Corporate communications materials are some of the most difficult and most business-critical documents out there when it comes to translation. The company culture, the target audience, the spin that the company wants to put on its news, the most-used grammatical structures of the source and target languages; all of these enter into the picture when you’re translating corporate materials.
Chris Durban’s ATA Chronicle column “The Onionskin” (my favorite part of the Chronicle!) recently highlighted this issue with a photo of the Crédit Agricole group’s annual report, bearing the headline “The Crédit Agricole group under scrutiny.” As Chris points out in the article, the original French term “regards” would more correctly be translated as “close-up” or “focus.” She goes on to emphasize that this tag line was created by a native English speaker, and that the issue lies more in lack of context than in mis-translation. Chris sums it up by saying ” ‘Crédit Agricole Under Scrutiny’ might be fine for an investigative reporter’s filing with a wire service (“…as the tax brigade waited in the wings…”), but it is inappropriate for a factual presentation of key corporate data to shareholders that one presumably wants to keep on board.”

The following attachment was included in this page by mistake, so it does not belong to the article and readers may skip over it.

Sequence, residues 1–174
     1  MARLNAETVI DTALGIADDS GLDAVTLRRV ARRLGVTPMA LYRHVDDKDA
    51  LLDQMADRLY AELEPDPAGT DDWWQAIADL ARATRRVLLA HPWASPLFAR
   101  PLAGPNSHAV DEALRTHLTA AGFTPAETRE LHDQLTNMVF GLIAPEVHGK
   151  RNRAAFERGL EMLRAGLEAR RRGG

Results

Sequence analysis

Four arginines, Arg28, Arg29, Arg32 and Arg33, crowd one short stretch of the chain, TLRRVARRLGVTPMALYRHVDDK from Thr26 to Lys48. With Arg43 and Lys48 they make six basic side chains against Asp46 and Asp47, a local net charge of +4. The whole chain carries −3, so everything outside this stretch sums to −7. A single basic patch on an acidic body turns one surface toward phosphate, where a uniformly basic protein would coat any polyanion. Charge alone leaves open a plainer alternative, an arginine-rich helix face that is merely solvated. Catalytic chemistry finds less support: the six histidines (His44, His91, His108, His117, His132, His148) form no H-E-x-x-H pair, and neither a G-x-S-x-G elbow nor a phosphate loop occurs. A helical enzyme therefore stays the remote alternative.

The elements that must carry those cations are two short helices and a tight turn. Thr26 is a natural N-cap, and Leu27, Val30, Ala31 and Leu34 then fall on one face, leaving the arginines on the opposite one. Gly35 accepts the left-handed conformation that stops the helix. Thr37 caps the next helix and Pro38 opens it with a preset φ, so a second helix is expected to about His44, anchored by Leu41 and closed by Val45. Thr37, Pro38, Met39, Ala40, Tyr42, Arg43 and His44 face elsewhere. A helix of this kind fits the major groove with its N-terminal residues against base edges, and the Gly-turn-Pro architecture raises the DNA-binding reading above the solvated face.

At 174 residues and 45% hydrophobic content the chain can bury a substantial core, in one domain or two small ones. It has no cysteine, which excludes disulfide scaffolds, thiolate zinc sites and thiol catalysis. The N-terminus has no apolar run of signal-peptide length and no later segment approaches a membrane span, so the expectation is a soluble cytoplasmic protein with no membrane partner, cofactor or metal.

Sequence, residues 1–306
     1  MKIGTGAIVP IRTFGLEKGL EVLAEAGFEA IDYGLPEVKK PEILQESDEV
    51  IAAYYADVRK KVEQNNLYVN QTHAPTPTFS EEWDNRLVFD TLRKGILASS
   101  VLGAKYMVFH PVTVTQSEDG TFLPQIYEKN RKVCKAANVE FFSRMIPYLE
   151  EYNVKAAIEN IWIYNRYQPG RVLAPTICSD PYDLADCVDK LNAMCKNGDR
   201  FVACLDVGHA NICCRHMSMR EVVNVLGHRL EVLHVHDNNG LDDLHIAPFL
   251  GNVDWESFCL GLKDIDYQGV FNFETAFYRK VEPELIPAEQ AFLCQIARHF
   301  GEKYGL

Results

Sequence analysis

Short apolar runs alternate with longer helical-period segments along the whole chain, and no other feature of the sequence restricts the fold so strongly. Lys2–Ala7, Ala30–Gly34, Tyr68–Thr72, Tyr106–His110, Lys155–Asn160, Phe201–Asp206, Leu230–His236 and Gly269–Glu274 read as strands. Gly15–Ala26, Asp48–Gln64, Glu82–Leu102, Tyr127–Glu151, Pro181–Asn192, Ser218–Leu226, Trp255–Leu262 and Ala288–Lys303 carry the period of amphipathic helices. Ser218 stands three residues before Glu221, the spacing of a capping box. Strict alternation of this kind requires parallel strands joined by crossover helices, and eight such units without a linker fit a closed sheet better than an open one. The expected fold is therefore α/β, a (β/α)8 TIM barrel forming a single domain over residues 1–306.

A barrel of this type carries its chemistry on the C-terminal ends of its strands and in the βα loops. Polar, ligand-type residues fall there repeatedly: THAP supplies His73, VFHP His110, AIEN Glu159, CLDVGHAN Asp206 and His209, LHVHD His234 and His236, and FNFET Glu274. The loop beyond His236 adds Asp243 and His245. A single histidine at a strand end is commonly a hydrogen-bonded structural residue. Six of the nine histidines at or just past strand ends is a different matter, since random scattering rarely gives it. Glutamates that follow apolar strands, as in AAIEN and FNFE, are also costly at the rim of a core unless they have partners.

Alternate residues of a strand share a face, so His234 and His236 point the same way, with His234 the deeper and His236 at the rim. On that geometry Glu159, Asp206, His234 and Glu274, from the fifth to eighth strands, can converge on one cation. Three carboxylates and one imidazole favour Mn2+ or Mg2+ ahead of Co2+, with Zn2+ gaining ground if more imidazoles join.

Reader Dierk Seeburg sent Thoughts on Translation the link to an article in The Source for Communicators that highlights these same issues and offers advice to buyers of corporate communications translations. Its key points: avoid machine translation, make sure the translation conveys an understanding of your business, adapt your style to the culture and don’t take shortcuts, and always have local people review the translation.